The New Testament writers themselves do their best to keep us from an idealistic reading of their accounts of the early churches. The ink of Acts 4:32-35 has barely dried when Luke has to write about the sin of Ananias and Saphira (Acts 5). Was the deception of these two people something like ‘the Fall of the Church’? Or should we say: in the church, the wonderful ‘all who owned land or houses sold them and brought the proceeds to the feet of the apostles’ only shines against the contrast of the greedy deceit of Ananias and Saphira? I think that not only our own local church practice, but also the New Testament forces us to stick to the latter answer. In the local church, the very high is just the opposite of the very crude! Crude self-interest right next to Christian community! 

The sin of Ananias and Saphira was not an incident in the ideal church. In the next chapter, Acts 6, mention is made of the appointment of seven men with special assignments. They were to give special attention to the Greek-speaking Christians in this congregation of Hebrews, ‘because their widows were neglected in the daily care’ (v. 1). This neglect was possible in the same congregation where the members’ had all things in common’ (Acts 4:32)! To which congregation did Paul write the high-minded chapter about the congregation as a body with many members who all ‘care for one another in common’ (1 Cor 12:25)? To a congregation divided into parties (1:10-17 and 3:3, 4)! To a congregation in which the members only had their own interests at heart during the celebration of the Lord’s Supper (11:17-22)! Did Paul write that wonderful chapter on the unity of the church to that self-torn congregation to teach it a lesson? We just have to realise that the unity of the church exists only against the contrast of division! One thing can easily turn into the other. The very spiritual and the very carnal can even coexist in the church. The Corinthian church was rich in spiritual gifts and at the same time poor in love for one another. The ‘ideal church’ does not exist without the contrast of the crude human reality in the church. This crudity cannot be defused as a sinful incident in the congregation. We can’t get rid of it that easily! The contrast of the church exists in the realistic background of the new community in Christ.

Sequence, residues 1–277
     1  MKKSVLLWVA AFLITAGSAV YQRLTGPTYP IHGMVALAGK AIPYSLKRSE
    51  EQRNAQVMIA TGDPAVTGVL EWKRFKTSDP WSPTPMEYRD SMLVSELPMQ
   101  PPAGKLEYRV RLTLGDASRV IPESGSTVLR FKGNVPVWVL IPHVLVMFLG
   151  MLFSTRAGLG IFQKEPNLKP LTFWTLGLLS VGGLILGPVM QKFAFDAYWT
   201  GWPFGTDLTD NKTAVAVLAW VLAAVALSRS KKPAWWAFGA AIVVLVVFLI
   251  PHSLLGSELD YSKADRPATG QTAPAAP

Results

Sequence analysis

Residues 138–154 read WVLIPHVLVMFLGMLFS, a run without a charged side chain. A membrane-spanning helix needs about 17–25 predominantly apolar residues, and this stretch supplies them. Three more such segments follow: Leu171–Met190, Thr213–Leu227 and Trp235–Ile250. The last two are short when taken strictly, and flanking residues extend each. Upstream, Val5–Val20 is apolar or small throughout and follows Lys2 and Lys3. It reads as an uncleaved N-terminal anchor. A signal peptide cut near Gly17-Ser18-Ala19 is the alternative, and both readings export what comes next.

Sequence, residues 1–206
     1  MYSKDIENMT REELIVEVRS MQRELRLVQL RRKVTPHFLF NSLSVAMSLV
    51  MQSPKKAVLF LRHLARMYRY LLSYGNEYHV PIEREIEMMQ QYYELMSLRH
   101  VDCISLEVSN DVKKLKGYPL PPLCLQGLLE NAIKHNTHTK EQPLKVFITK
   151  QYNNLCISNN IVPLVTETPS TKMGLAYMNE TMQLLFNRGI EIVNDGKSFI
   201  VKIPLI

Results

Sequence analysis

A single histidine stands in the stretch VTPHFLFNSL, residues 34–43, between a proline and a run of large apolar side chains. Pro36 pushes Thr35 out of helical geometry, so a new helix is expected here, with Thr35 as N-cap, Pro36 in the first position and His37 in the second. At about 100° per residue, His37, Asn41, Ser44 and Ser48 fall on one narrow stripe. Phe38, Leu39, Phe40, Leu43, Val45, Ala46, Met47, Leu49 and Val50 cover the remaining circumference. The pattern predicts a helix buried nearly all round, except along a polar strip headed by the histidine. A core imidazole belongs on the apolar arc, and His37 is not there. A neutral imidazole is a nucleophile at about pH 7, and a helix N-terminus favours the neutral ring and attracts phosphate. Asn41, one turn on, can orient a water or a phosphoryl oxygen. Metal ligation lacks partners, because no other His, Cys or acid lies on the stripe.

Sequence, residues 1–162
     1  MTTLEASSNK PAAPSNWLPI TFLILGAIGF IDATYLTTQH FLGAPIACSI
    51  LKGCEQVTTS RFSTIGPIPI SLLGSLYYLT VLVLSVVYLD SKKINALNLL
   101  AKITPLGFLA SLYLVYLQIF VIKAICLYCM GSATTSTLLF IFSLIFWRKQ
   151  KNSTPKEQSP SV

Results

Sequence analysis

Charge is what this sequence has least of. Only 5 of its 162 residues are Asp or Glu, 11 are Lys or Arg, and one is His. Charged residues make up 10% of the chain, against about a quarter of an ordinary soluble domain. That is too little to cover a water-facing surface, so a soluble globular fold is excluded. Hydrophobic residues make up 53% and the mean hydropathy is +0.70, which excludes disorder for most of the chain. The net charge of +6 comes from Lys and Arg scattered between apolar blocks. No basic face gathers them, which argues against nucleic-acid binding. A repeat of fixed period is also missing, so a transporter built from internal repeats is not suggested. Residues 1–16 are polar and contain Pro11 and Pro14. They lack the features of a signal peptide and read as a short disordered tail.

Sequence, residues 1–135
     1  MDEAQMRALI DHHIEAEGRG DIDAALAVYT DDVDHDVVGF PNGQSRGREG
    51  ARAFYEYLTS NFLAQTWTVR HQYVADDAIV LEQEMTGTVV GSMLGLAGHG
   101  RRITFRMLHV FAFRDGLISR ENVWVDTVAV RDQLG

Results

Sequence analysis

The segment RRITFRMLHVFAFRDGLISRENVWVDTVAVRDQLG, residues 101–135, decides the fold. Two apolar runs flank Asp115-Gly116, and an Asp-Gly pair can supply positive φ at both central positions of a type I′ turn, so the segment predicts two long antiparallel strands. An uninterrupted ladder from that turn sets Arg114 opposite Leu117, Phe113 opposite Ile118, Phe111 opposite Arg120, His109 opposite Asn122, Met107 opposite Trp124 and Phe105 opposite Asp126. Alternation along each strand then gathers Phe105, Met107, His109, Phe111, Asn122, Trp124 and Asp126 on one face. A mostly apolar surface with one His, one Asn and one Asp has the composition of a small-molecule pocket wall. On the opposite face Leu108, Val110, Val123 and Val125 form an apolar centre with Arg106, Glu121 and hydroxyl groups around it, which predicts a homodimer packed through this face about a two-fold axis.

We are not allowed to escape the harsh reality by dreaming away in images of an ‘ideal church’. There is no such thing as the ideal Church or the ideal Christian. Christians are new people who spend a lifetime trying to become truly new. The Church is the new community in Christ that is in the process of becoming truly new until the Second Coming.

Acknowledging conflict

We must be willing to give the reality of conflict a place on the path that the Church takes to become what it is in Christ. To look at conflict is to look at our own incompleteness. We can learn from a conflict. Become wiser in self-knowledge and wiser in knowledge of grace. If we dare to turn over the shiny polished medal of our Christian life.

Olof de Vries (1941-2014) was a lecturer at the Baptist Seminary from 1981-2009 and a special professor of ‘History and Doctrines of Baptistism’ at Utrecht University from 1991-2009. He had his own characteristic way of teaching and theologizing and inspired and trained countless pastors and congregants through his lectures, sermons and articles. His consistent view of church and theology from the perspective of history is typical: how people follow their faith in time and culture. The relationship between tradition and innovation was his lasting interest, based on the conviction that tradition always contains the possibility of innovation.